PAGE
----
Monrondava in the Menabe region on the western side of Madagascar is a two-day drive by car from the capital Antananarivo. It’s famous for its avenue of baobab trees.
I am up at before dawn to make sure I see the magnificent spectacle of a sun rise above these primal trees. The color of the sun is deepened by the red African soil of the dirt road they stand along. This Baobab Avenue has been protected since 2007 and some of the trees measure nine meters around and 30 meters in height. They belong to the species adansonia grandidieri, known locally as renala or “mother of the forest” in Malagasy. It’s a name that bears sad witness to the fact that baobabs once densely covered the island, unlike these last sentinels standing alone in the midst of farmland. The lack of young trees around them shows the threat to their future existence.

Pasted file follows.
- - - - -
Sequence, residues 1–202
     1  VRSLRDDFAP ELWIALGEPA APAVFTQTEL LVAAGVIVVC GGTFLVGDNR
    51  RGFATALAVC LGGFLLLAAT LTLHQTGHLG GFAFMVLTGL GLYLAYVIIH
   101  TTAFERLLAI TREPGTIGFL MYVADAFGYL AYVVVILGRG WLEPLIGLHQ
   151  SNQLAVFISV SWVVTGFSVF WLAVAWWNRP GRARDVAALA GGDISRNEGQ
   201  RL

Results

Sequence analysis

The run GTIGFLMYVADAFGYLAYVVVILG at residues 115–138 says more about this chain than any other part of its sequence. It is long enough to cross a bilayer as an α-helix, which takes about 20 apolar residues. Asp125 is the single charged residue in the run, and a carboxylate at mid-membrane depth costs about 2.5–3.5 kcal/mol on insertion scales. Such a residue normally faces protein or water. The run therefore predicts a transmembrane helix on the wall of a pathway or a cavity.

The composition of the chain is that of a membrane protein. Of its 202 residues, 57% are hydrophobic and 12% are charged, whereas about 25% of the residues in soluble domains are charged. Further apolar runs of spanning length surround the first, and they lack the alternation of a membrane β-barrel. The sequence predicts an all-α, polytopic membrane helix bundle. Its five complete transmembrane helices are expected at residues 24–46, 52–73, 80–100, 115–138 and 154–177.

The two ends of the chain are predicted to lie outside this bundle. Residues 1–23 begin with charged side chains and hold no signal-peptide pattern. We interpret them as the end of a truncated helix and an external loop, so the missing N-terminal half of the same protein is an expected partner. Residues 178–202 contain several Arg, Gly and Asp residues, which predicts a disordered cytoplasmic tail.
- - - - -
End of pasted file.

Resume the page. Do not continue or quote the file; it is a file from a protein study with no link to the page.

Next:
There are six species of baobab endemic to Madagascar and only eight across the planet. To see more, my driver Lalah Rakoto Alson takes me to Reniala Private Reserve near the village of Mangily-Ifaty in the south of the island. The reserve is a local eco-tourism project that protects some 2,000 plant species and is also a paradise for birdwatchers, with 65 bird species. Forest guide Dadah Reditsaky shows me a baobab that is 1,000 years old, with a diameter of more than ten meters. The trees here have developed a lot of character through the centuries. One is 850 years old and is known for the distinct outline of a face in its bark. “The Climbing Baobab” is 900 years old, while others have been given names such as “Tired”, “Mother”, “Father” or “Elephant” from their shapes.